Photo cred - Dope Your Life
Society's preconception that "weed is bad" has slowly been changing over the years. We've seen evidence of changing attitudes towards weed to the south, with US states legalizing marijuana, in the growing merit of marijuana as a treatment of diseases, and the relaxed attitude towards cannabis in our own community, though that isn't exactly new. With the much more positive light modernly shed on marijuana, you'd think the green stuff was truly good for you. One collection of research seeks to prove otherwise.
Wayne Hall, a researcher who studied the adverse effects of cannabis on the human body in 1993, wished to see how things have changed in the last 20 years, after many more studies have been carried out on the topic. Compiling research over two decades, including studies from New Zealand, Germany, and the Netherlands, his findings won't be pleasing to smokers.
According to Hall, over the past 20 years, research on smoking marijuana has shown that:
- 1 in 10 people who regularly smoke marijuana will develop a dependence
- Driving while high will double the risk of a car crash
- Teenagers who regularly smoke are twice as likely to drop out of school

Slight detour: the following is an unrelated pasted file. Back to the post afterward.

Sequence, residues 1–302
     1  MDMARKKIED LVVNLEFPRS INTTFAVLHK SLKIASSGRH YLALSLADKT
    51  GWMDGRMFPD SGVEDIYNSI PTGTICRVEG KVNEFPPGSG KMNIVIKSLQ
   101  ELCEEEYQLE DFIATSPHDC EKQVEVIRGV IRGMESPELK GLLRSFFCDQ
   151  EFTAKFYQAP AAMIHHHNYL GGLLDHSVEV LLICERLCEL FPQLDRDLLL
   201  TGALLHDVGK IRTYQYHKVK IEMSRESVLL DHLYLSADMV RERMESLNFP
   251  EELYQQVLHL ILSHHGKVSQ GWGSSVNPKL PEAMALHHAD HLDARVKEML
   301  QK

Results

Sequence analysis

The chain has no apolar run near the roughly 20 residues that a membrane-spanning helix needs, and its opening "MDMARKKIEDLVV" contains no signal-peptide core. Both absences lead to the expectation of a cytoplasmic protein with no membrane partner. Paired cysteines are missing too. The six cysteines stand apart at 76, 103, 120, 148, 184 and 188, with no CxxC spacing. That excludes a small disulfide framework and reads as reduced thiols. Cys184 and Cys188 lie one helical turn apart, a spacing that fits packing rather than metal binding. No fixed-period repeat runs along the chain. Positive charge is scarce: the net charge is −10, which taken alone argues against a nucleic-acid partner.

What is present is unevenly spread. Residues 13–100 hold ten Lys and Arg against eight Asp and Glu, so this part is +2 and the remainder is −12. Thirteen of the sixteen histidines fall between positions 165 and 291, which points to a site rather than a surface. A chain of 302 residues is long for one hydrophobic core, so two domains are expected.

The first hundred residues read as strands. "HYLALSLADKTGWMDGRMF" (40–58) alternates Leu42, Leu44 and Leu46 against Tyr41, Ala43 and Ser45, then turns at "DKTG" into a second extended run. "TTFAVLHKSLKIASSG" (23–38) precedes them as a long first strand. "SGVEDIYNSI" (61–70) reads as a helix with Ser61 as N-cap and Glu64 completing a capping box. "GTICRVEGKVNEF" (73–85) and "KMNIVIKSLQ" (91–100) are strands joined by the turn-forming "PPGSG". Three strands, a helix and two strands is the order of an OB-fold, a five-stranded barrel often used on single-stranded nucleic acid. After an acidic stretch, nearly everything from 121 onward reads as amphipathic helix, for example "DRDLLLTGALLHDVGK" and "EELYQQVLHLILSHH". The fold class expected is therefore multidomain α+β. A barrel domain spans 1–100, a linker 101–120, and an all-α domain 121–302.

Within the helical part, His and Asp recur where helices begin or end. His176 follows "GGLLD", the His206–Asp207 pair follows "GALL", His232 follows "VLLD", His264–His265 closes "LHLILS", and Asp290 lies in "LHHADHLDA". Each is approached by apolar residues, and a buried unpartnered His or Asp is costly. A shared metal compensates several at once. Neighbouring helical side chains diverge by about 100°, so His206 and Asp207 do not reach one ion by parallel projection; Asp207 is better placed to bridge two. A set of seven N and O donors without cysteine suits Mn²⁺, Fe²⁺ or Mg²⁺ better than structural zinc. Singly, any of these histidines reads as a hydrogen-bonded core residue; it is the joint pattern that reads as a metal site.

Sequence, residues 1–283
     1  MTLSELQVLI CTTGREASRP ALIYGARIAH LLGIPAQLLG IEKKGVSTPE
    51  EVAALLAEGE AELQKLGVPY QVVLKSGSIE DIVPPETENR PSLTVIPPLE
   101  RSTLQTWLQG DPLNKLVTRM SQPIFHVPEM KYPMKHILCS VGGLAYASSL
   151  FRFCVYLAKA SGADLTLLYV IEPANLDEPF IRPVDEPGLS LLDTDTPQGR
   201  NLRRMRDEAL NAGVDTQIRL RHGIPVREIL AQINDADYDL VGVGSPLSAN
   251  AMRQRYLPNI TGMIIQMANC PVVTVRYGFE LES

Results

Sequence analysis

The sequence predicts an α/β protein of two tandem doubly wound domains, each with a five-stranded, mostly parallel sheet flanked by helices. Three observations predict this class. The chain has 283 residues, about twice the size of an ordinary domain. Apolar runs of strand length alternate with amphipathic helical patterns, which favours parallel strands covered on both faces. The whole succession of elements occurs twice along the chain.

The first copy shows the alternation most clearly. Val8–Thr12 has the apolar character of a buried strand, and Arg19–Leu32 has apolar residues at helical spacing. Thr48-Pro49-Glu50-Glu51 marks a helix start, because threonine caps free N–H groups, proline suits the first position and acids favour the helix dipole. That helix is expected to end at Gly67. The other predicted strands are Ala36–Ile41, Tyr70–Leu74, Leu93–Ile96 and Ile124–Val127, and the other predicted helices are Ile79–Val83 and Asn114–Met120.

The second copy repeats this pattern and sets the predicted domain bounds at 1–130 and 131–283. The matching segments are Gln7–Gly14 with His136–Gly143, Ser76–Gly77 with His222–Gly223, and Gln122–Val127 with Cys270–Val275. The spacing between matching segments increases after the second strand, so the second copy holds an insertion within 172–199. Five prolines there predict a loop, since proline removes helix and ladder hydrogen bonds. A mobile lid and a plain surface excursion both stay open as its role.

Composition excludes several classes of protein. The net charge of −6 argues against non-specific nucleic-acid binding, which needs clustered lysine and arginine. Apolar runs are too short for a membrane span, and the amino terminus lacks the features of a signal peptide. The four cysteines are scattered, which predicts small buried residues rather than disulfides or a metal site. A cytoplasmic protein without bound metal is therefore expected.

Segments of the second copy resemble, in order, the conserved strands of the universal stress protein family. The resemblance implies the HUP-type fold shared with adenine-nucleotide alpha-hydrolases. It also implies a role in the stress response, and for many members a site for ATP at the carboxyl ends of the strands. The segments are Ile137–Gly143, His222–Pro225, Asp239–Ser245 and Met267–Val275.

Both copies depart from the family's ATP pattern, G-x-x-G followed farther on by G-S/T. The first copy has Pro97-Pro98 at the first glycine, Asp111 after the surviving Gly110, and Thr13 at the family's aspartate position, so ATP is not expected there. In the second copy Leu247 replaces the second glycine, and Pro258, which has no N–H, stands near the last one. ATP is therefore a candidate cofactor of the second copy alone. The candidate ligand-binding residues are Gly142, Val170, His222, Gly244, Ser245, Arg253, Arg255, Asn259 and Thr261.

- Chronic use of cannabis as a teenager and into adulthood increases the likelihood of cognitive impairment (though the exact reason why is unknown)
- Regular smokers have double the risk of developing mental disorder like schizophrenia, especially if there is a family history and they started smoking in adolescence
- Marijuana smokers are more likely to develop chronic bronchitis
- Those who smoke marijuana as a teenager are much more likely to use other/harder illegal drugs
- A strong link exists between smoking weed and the development of cardiovascular diseases in middle-aged adults.
A very depressing mix of findings, especially, if like many of us in Montreal, you've been smoking weed since high school. Not all is lost though, as many academics believe many of the aforementioned adverse effects can be cased by many different factors, and not solely due to smoking weed. One example would be the likelihood of doing other drugs. It isn't the marijuana forcing the person to try other substances, it is the environment and persons (like a drug dealer) you encounter when smoking weed that increase the chances.
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